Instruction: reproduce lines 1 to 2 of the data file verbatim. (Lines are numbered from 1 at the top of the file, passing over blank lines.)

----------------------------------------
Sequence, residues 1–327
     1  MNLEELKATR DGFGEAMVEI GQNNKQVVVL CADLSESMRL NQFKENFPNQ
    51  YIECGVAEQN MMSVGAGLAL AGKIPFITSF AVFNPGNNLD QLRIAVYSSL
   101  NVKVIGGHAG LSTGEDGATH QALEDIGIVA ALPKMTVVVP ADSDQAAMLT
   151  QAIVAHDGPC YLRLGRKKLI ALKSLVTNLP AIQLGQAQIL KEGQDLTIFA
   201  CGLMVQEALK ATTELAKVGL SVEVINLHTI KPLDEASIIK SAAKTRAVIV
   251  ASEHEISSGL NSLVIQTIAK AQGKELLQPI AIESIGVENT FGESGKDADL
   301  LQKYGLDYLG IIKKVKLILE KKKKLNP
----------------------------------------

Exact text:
Sequence, residues 1–327
     1  MNLEELKATR DGFGEAMVEI GQNNKQVVVL CADLSESMRL NQFKENFPNQ